“The XF8-16mmF2.8 lens is superfast,” she enthuses. “I loved using this for the pelicans to get crisp fish-catch shots. The F2.8 aperture allows for seamless transitions between the other zoom lens images and the perspective worked for animals and landscapes without looking out of proportion.”
The XF50-140mmF2.8 also came into its own when photographing the pelicans. “I could stay far enough away while still getting great detail in their feathers,” she smiles. “The stabilization is incredible handheld. As someone who doesn’t always carry a tripod, this is a must. It’s lightweight for what it offers, durable in mixed conditions and has the F2.8 that I love.”
“Always crisp, fast, and durable. I don’t have to worry about ghosting, flare or distortion. It’s ideal when I’m not sure what kind of situation I’m walking into”
However, Rebecca’s go-to lens is undoubtedly the XF16-55mmF2.8, which was invaluable on this project. “This is my idea of the perfect lens,” she says. “Always crisp, fast, and durable. I don’t have to worry about ghosting, flare or distortion. It’s ideal when I’m not sure what kind of situation I’m walking into.”
She continues: “Working with animals is tricky, especially ones that are sick or injured. You don’t always know what’s going on with them, so you need to allow extra space. It’s also critical not to frighten the animal, so if you’re not sure how far away you need to be, I like to go with something in the middle. This lens is small on the scale, lightweight, easy to maneuver, quiet, and fast.”
“The glass doesn’t age and I get to experience that with each updated camera body model! I feel my kit is complete with these three. They cover everything I need”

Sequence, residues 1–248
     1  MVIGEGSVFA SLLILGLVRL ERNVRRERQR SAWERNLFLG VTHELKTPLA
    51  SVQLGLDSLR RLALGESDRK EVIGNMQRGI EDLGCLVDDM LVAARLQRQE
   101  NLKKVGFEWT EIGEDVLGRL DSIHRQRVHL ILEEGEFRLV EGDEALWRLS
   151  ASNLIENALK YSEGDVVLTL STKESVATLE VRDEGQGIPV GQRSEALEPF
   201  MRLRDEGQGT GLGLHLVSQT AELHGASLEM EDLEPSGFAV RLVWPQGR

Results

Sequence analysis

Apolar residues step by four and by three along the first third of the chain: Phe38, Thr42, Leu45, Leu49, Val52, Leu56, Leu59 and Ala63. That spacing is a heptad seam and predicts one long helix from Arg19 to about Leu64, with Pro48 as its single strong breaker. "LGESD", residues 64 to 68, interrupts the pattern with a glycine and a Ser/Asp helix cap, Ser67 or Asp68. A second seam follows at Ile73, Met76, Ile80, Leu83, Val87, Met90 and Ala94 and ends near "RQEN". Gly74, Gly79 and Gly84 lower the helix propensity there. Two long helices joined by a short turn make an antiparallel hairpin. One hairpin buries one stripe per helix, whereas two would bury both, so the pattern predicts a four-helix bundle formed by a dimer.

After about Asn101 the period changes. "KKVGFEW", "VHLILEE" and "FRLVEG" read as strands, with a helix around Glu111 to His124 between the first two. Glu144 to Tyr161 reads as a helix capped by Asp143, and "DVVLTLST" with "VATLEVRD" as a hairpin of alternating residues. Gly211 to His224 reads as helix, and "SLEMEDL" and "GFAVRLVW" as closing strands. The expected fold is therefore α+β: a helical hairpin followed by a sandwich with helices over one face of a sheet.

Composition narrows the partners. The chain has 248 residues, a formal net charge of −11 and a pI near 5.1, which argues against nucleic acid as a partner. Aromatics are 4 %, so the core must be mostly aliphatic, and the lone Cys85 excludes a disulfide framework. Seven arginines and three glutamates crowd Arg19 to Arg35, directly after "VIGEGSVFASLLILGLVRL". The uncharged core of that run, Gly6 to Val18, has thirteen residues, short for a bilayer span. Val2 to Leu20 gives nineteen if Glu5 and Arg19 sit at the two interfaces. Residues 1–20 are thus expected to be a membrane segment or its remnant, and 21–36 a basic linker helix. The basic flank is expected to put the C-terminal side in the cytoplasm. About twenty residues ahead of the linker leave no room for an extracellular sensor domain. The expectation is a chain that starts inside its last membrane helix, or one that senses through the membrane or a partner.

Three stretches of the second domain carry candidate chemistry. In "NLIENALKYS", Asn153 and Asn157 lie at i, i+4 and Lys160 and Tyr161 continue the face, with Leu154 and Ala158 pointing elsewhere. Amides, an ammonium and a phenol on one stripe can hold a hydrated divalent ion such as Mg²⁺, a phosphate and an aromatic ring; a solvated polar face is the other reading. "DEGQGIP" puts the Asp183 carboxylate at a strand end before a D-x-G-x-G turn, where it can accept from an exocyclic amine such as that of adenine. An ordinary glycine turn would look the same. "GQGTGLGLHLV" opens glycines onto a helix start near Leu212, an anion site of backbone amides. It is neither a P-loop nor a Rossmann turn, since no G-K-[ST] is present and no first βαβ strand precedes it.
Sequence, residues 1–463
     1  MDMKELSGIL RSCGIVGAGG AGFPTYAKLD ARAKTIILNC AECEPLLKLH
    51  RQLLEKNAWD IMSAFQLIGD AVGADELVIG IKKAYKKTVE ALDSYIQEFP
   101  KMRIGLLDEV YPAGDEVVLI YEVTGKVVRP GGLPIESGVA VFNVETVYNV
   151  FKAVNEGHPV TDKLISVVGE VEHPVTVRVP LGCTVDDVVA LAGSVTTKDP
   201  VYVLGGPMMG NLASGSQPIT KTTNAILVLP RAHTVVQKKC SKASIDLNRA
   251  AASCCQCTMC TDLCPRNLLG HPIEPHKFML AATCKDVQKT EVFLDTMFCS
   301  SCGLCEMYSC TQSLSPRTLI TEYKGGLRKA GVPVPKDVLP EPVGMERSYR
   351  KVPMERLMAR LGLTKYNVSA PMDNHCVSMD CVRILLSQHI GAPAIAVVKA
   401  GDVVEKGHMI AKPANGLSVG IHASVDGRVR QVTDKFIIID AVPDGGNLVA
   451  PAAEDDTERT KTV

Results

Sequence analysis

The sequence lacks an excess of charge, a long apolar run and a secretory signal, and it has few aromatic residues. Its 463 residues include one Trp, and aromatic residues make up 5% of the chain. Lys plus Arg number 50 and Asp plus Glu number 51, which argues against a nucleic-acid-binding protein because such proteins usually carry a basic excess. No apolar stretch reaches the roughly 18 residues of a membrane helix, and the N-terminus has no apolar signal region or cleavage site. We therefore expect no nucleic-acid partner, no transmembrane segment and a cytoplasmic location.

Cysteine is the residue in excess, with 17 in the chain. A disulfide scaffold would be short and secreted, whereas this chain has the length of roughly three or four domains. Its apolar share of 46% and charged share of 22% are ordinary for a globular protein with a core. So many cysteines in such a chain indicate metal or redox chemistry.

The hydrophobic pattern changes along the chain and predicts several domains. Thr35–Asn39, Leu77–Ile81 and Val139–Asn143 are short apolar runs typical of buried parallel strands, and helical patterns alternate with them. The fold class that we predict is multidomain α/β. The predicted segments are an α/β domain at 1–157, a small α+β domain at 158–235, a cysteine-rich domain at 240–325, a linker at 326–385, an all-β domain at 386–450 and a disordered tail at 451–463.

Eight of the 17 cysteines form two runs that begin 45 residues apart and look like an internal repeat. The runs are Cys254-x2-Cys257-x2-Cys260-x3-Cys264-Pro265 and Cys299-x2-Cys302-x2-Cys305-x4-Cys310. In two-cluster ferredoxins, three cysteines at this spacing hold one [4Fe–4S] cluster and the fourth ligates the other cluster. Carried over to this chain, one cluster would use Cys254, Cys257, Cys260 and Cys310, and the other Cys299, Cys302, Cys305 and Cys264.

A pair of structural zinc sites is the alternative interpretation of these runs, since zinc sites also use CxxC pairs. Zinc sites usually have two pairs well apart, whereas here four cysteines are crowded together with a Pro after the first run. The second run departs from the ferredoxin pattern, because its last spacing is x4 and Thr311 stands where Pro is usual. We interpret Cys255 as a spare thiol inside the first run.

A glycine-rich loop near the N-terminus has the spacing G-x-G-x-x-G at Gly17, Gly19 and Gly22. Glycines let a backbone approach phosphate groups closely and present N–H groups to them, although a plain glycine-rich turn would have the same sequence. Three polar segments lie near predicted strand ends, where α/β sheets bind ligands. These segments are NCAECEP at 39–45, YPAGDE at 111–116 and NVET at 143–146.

While acknowledging that it takes more than just a great lens to create a great image, Rebecca believes it is integral in expressing different aspects of a scene. “It’s one of those things that you might not believe makes a big enough difference, but it does. Like having a song with the same tonal notes, the combination of lenses adds dimensions and helps support what you’re trying to express with different images,” she explains. “It helps show the viewer what’s important. What you want them to look at.”
Rebecca believes it’s always worth investing in a high-quality lens. “I’ve used all three lenses with four different FUJIFILM camera bodies throughout the years and will continue to use the same lenses as the bodies continue to advance,” says Rebecca. “The glass doesn’t age and I get to experience that with each updated camera body model! I feel my kit is complete with these three. They cover everything I need.”
She concludes: “The FUJIFILM system is like my favorite pair of jeans. It’s simple, elegant, and timeless. I can use the system for travel, landscapes, wildlife, food, you name it.”
Rebecca’s book focusing on the work of the Santa Barbara Wildlife Care Network is planned for release next year. Stay tuned to her website for all the latest updates.
ABOUT THE PHOTOGRAPHER
Rebecca Gaal is a humanitarian photographer who likes to explore the intersection of public health and the environment. Most recently she has been working with organizations to craft narratives and strategize how to use photography to share important messages with the world.